Liberty & Power: Group Blog
David T. Beito
Just to let you know, the US Marines have blocked access to “Wonkette” along with numerous other sites such as personal email (i.e. Yahoo, AT&T, Hotmail, etc), blogs that don't agree with the government point of view, personal websites, and some news organizatons. This has taken effect as of the beginning of February. I have no problem with them blocking porn sites (after all it is a government network), but cutting off access to our email and possibly-not-toeing-the-government-line websites is a bit much.
Initially all web blocking was done locally at the hub sites in Iraq. If you wanted a site “unblocked” you just had to email the local administrator with a reason (like, “I'd like to read my email, please.”), and if it wasn't porn or offensive, they'd allow it. Now, all blocking is done by desk-weenies at the USMC Network Operations Center in Quantico, VA, who really don't care if we get our email (or gossip) out here, as they get to go to happy hour after working 9 to 5 and go home to a nice clean, warm home with a real bed! (Sorry, I'm a little peeved.)
If this story is true (and I would still like more confirmation), can we expect Instapundit, Little Green Footballs to rally for the freedom to read of soldiers just as they properly have when it comes to the freedom to read of Danes?
Hat tip Justin Raimondo.
David T. Beito
Critics of Franklin D. Roosevelt have blamed his administration for many sins: a prolonged depression, the creation of a federal welfare state that fostered dependence, establishment of the imperial presidency in foreign policy, Japanese internment, the Brown Scare, retrograde civil rights policies, etc. Only a few have emphasized, however, that Roosevelt was also the father (at least indirectly) of redlining.
Amy E. Hillier has a carefully researched article on the subject in a recent issue of Social Science History. Redlining is a practice of denying credit to certain neighborhoods because of their racial or ethnic composition. The origin of the term can be traced to the color-coded “Residential Security Maps” of major American cities produced by the Home Owners’ Loan Corporation (HOLC), a New Deal agency created in 1933. Each map had four different classifications ranging from most to least desirable: green, blue, yellow, and red.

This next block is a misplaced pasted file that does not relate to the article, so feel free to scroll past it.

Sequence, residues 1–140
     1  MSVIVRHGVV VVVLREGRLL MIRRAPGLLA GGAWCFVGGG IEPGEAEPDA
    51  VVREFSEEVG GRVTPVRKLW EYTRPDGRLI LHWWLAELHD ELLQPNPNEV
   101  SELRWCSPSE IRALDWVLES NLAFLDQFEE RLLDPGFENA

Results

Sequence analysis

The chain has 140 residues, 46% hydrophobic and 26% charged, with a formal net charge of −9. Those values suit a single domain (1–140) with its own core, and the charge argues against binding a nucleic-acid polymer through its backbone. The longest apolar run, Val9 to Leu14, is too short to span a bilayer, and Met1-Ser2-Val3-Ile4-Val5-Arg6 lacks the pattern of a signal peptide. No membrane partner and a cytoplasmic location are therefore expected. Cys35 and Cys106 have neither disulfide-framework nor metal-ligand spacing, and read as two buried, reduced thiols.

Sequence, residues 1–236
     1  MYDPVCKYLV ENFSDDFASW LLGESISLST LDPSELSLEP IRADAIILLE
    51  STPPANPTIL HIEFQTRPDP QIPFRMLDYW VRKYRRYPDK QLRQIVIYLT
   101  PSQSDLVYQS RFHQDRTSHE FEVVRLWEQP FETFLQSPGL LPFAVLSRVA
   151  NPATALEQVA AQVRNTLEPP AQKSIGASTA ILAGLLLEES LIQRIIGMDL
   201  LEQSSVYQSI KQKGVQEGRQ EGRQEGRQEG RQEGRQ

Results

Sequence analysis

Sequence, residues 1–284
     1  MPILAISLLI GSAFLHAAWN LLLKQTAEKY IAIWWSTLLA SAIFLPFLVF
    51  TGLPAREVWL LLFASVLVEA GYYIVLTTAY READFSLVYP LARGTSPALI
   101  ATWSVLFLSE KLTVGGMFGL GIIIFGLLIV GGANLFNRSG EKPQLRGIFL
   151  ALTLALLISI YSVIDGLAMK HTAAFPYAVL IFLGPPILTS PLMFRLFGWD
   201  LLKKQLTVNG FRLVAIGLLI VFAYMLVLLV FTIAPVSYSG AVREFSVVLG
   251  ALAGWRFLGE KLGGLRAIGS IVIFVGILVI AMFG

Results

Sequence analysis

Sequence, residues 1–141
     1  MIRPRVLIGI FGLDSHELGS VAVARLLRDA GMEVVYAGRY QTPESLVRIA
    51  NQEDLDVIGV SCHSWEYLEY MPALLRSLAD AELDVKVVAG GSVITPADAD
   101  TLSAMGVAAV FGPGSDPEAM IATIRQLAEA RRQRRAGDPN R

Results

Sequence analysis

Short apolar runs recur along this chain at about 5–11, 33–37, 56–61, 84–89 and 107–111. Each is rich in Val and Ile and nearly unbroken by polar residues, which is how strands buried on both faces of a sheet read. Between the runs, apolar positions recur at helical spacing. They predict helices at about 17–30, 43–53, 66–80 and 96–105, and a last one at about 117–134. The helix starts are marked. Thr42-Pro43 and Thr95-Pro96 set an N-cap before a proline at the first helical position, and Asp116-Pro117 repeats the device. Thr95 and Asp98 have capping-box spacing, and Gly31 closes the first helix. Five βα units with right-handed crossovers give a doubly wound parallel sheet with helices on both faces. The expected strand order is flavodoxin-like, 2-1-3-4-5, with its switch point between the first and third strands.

Most desirable were the green areas. They were ethnically “"homogeneous” and worthy of loans in “good times or bad.” The second and third grade areas were blue and yellow. Least desirable were the red areas. According to the maps, they had “detrimental influences in a pronounced degree” and an “undesirable population [disproportionately black] or an infiltration of it.” During the late 1930s, the Federal Home Loan Bank Board (FHLBB) used the maps as a basis for its loans. It rarely gave loans to red areas, hence the term redlining. The federal government provided the maps to banks and developers who often used them as a basis for their own loan ratings.
That edition of the paper also contains a review of Bartlett’s new book in which Claude R. Marx unfairly accuses the author of having a “generally tedious writing style.” As a regular reader of Bartlett’s essays, I can testify that they are well written, interesting, and that they often contain very revealing information. The reviewer takes a more substantial shot when he writes that, “It is easy to criticize an administration (of either party) when you don't have to answer to voters or 535 members of Congress, each with his or her own agenda.” However, Mr. Marx needs to be reminded that in each and every case the programs cited by Bartlett were enthusiastically embraced by the Bush Administration not imposed upon them by the opposition.
The left, for its part, still fails to understand the other side of the coin. On the front is the image of the president, on the back is the institution of the state. If Bush is ever immortalized on coin, his denomination will almost surely follow the pattern of all presidential tyrants numismatically eternalized before him. Turning over his image will reveal that of a government building or memorial, made permanent in the metallic disc and representing the state’s impersonal, cold inhumanity whose obfuscation is the role of the chief executive engraved on the flipside.
Roderick T. Long
Guess the mystery philosopher:
I was a Russian Jew by birth, but an American and an atheist by choice. In early adulthood I fled Russian tyranny to come to America, where I became involved in the fledgling libertarian movement. One of the chief libertarian newspaper writers of that era was my friend and intellectual mentor, though we later had a somewhat acrimonious break. I never held an official academic post, but I wrote widely on philosophical and political questions, favouring secularist rationalism, ethical individualism, and extreme economic and political laissez-faire. After an early flirtation with a somewhat Nietzschean version of egoism, I developed more of a natural-rights approach, drawing on the classical liberal tradition. Later in life, I annoyed many of my former associates by sharply condemning libertarianism especially in its anarchistic form. My spouse pre-deceased me by several years.
Who am I?